I cut the board shape out, sanded down the edges, and glued the turbines in place in the holes. I also added a 'motor' piece using the heat shield cut from a torch (flamethrower) and a trimmed down overcharged powercell, but found on the Broken Infantry sprue.



For the final board, I made use of a part of a pipe fitting piece I had left over from the Maelstrom's Edge terrain sprue, from a building project a while back. I had cut through the pipe fitting to make it shorter, which left a nice circular piece that looked just perfect for a turbine surround. I cut a matching hole in a piece of 2mm plasticard using a 12mm spade bit, and then cut the plasticard to the shape I wanted.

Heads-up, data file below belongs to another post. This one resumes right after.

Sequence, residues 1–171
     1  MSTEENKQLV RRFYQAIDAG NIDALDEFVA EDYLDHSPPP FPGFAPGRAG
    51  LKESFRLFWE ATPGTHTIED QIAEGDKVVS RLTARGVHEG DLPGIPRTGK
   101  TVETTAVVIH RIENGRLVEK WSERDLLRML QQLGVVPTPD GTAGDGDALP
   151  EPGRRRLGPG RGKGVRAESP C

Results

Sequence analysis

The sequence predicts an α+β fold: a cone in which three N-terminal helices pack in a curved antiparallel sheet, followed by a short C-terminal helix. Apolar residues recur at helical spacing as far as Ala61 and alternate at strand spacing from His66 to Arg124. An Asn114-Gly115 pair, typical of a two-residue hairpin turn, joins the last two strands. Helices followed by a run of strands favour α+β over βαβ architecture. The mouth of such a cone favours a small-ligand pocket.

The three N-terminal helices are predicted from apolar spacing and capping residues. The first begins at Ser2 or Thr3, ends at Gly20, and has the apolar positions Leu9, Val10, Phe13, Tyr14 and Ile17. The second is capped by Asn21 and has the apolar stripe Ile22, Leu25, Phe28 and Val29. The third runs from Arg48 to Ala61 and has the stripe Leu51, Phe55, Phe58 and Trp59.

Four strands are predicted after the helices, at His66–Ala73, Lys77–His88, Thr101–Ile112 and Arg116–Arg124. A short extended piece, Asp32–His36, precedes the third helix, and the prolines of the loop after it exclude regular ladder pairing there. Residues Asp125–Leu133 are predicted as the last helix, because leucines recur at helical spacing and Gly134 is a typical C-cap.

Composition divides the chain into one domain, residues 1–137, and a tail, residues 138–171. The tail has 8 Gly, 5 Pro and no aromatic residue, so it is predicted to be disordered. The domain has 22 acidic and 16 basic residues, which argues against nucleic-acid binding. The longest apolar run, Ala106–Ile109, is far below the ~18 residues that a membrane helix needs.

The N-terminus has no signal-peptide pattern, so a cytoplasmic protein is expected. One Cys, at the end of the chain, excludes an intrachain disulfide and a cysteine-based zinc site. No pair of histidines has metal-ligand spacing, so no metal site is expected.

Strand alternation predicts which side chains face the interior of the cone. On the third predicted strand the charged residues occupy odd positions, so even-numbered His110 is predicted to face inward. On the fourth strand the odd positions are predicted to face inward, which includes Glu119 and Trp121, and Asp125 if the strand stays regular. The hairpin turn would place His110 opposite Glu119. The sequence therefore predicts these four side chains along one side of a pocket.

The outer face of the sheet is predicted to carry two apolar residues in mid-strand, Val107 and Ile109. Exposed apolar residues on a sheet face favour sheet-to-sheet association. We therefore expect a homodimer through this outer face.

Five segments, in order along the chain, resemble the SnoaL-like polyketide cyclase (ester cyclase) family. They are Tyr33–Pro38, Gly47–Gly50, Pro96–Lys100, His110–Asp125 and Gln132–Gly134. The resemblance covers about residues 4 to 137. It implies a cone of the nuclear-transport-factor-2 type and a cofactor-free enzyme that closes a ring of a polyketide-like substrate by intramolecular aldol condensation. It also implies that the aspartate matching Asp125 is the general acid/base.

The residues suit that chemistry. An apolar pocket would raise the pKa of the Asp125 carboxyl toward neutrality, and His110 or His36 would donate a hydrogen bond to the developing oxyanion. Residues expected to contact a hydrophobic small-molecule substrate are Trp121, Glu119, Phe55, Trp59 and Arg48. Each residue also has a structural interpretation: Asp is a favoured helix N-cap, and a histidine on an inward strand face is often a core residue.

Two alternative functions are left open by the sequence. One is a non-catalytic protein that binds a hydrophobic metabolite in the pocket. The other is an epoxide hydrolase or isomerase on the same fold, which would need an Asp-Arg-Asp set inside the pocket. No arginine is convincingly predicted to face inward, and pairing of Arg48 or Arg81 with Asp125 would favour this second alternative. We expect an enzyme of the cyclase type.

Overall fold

I made the turbine fan itself out of a circle of 1mm plasticard, and added a circle of mesh to go over the top side of the hole, and a strut to hold the fan, using an injection point cut from an old model sprue. With all of this glued in place, I finished up with another overcharged powercell added for some sort of nod towards functionality.



After building riders for the two new boards, again just using components from the Broken Infantry sprue with minimal modification, I drilled holes in the bottoms of the boards to attach flight stems at suitably jaunty angles. With some paint thrown on, the skyboarder unit wound up looking like this:



Obviously, this is only a starting point - you can let your imagination out for a run and come up with different skyboard designs using whatever components you have on hand. The sky's the limit! (Sorry...)